Taughannock Falls State Park’s namesake centerpiece is the roaring Taughannock Falls, which plunges 215-feet into a wandering canyon. Located in the Finger Lakes region of central New York, the reserve offers year-round hiking and imposing, breathtaking scenes around every bend.
Taughannock Creek, which winds through a limestone and shale rock gorge 400-feet deep, plunges over three major waterfalls: Upper Falls, a 100-foot drop, Taughannock, a 215-foot plunge, and Lower Falls, a 15-foot cascade.
The waterfalls are best viewed during the spring and after heavy rains when the relative trickles roar to life. And with the Gorge Trail open in the winter, Taughannock Falls can be observed as the mist builds up ice against the cliffs.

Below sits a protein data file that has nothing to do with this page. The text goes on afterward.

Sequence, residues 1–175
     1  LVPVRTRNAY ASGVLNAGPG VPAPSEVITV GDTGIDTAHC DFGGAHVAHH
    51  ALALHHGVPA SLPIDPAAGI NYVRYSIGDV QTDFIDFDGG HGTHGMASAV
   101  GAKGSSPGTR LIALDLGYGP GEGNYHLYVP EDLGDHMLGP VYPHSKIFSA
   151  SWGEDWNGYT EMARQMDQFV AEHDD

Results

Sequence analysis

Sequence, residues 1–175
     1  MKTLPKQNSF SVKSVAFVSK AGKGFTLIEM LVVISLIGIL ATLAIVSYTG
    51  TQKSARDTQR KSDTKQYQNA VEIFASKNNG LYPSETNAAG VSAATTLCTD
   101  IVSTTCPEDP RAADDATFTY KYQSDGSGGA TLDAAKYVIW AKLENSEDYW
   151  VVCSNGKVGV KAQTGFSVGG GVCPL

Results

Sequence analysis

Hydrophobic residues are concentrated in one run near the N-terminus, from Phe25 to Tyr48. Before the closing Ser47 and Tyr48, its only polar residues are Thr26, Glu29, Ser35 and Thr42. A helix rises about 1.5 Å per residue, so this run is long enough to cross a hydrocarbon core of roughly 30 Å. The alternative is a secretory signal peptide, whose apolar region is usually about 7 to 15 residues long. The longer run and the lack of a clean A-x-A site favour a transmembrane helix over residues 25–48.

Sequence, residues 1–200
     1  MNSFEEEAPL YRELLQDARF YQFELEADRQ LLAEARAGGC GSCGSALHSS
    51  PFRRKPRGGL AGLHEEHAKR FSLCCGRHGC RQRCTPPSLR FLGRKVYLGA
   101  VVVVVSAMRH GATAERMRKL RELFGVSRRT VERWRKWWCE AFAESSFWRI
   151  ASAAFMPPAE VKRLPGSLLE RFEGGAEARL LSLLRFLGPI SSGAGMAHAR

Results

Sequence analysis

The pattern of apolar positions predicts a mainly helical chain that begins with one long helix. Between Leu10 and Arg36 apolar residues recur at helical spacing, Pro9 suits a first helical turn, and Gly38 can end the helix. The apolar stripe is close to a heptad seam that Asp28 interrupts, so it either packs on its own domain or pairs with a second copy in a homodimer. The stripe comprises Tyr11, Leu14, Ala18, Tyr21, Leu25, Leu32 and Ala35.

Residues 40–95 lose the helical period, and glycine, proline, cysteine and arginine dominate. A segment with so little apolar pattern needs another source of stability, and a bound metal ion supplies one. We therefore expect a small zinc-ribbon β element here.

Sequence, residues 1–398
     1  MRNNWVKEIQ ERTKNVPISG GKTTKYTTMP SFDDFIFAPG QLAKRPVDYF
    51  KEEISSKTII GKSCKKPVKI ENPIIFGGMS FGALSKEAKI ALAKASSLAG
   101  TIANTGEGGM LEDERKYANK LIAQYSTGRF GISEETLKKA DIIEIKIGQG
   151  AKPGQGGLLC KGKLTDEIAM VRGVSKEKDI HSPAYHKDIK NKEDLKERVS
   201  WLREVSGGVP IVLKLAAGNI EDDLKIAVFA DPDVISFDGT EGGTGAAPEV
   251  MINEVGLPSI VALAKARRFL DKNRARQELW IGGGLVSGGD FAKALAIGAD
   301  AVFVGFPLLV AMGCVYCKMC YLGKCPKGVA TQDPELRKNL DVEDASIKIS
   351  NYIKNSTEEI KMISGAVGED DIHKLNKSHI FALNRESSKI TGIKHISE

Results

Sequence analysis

The name Taughannock derived from Native American origins. It may roughly translate to a combination of Iroquois and Algonquin terms meaning “great fall in the woods,” or to a Lenni Lenape chief named Taughannock, who died near the falls during a battle.
Taughannock Creek was used as a source of power for a gun factory and mills in the early 19th century. In the 1870s, Victorian hotels were built in the region to serve tourists who traveled to view the waterfalls via steamboats and railroads. New York formed a 64-acre state park in 1925, which was improved by the Works Progress Administration in the 1930s. It was later expanded to its present size of 750-acres.